Looking back on the entire process, I find it extremely exciting
that I
would have a meeting in a corporate environment in the morning,
rehearsals with dancers in the evening, and then I would find myself in
the apartment of a graffiti artist - posing for costume painting - at
night. What an incredible mix of people coming together!!!!!
Yet I digress...

3. Finding a new way to archive dance

I believe that this explains itself.

The choreography:
The choreography and dance included in this concert was meant to
an entire spectrum of "serious art" to "accessible art" (and THAT can
mean something different for everyone!) If you will permit me to talk
about my personal goals as a choreographer, aside from "technology," I
can say quite a few things.

When I put together a concert, my goal is to provide an audience
with a
large enough range of work that everyone that night can leave having
felt that there was at least one piece that they connected with.
Although each piece that I choreograph comes from a different place, and
has it's own intention, I like to create a whole that is larger than the
sum of its parts. Some choreography may be crafted as I learned in
composition class, some choreography may come straight from inspiration,
some may be a bit more "trite," so that I can let people know that I
understand their sense of humor, as well. Cannot everyone be included
in understanding dance? Sometimes I feel that artists feel successful
when everyone leaves their work scratching their heads. To me, this is
foolery. What is the point of taking it out of your own bedroom if it
is only for yourself? (an extreme point that always has exceptions).
As I enter into the professional world of the performing arts, it has
stricken me that there are some people who mostly just feel comfort in
the ability to complain. I listen to many artists blaming the "fall of
arts" in America on ignorance and laziness. I would like to give people
more credit than that - for I believe if we give people a chance, they
might just enjoy themselves. (Who can enjoy a piece of art when the
artists is telling them that they are too thick to possibly understand
it? - is this "serious art?") Fortunately, I feel the attitude is more
optimistic in this listserv (for the most part), and that most of you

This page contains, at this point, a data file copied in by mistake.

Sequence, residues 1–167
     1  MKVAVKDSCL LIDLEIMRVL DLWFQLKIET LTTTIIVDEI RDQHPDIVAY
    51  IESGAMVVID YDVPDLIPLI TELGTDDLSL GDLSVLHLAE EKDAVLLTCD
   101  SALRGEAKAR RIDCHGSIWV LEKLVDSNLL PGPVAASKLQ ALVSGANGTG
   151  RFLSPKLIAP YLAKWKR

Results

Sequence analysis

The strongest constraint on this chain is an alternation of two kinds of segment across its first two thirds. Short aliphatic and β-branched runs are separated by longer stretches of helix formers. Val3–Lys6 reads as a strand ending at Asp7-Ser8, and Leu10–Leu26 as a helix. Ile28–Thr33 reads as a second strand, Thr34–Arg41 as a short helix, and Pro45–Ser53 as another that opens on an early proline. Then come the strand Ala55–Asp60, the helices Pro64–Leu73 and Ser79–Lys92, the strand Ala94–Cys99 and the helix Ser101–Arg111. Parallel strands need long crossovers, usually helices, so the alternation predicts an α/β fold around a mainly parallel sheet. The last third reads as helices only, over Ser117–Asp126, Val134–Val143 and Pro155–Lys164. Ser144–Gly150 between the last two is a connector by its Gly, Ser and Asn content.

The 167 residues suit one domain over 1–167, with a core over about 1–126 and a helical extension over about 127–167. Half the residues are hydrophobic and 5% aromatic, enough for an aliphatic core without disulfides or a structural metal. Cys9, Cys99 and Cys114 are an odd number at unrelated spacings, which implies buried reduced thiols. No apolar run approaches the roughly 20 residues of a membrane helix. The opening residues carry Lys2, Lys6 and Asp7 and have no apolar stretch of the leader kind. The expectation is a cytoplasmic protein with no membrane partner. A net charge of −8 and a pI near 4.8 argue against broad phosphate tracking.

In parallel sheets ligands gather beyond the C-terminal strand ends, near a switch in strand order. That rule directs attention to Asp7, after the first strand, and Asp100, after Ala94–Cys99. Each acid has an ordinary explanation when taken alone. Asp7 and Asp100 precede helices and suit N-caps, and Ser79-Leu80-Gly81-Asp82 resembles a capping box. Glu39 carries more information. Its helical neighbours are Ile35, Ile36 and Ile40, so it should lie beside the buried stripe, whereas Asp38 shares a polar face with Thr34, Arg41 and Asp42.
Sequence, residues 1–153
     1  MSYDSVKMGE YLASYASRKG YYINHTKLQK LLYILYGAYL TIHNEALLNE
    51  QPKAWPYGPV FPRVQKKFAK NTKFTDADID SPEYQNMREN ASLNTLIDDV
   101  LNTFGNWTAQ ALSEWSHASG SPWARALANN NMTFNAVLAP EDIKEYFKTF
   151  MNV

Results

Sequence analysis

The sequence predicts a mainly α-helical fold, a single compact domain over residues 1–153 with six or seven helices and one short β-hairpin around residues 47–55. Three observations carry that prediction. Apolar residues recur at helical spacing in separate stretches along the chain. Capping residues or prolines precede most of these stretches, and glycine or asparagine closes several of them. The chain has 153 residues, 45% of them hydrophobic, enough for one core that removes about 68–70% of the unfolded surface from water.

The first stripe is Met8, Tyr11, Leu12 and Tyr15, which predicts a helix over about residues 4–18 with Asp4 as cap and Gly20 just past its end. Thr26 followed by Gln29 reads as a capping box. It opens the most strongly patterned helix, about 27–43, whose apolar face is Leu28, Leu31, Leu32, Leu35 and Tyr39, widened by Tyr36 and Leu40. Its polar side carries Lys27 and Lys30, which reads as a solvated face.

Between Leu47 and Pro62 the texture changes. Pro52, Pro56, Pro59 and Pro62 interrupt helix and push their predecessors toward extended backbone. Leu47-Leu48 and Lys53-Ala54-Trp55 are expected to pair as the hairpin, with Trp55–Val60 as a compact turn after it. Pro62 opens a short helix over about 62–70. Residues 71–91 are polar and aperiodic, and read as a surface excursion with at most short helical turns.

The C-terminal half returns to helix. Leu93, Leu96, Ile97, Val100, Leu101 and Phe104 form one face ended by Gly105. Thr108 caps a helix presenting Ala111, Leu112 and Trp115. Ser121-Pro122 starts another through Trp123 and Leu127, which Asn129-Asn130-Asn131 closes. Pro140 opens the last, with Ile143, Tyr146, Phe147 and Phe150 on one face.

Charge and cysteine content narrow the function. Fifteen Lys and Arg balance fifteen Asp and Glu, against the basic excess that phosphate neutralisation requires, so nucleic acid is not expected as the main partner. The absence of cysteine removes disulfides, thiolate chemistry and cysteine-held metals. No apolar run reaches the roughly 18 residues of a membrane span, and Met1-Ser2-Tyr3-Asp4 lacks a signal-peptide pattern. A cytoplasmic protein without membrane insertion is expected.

would agree when I say, Let's not COMPLAIN, let's DO!!
Excuse me - Let me remove myself from this soapbox!

After the performances of "Leaping Into the NET," I was
approached by
people from all walks of life telling me which was their favorite piece,
and which one they didn't get at all. I felt that I had accomplished
what I had set out to do when Jack said that his favorite piece was
"Union", but he didn't get "Sketches of Rodin," and Jill said that
"Sketches of Rodin" was the most choreographically sound, but "Within
the Order of Chaos" could have been developed more. While the person
sitting front row, stage left connceted with one piece, the woman
sitting next to her might have hated it. And THAT is what I love about

If any of you have made it this far without dozing off, or
this file, I would like to ask that before you all consider to condemn
or support this project, that you check it out for yourselves. I am a
great fan of criticism, as long as it is well informed, and
CONSTRUCTIVE. If any of you see anything wrong with the event, I would
like to hear your response, and I would like to know WHY. This is how
we can all improve as artists, and as people.

FYI, the archived event will not be available for a few weeks,
please hold your "mice." In fact, if you go to the site now, you will
find a comment that the video is not found. It will remain this way
until the final edited version is ready for online presentation. I will
post a message to the group when it is ready for viewing, and once
again, if anyone feels strongly about it either way, I would love some
constructive feedback.

For those who have read this, I thank you for your time, and for
chance to look back on the whole event. I will be leaving town tomorrow
(Monday), and will not be close to a computer for one week, but I will
look forward to coming back to more discussions. Perhaps now that the
live concert has ended, I will be able to participate more. I have been
reading much of what has been posted within the past six months, and I
think it is very exciting that a group such as this one exists.

Thank you for listening.

Very Sincerely,
Sarah Morrison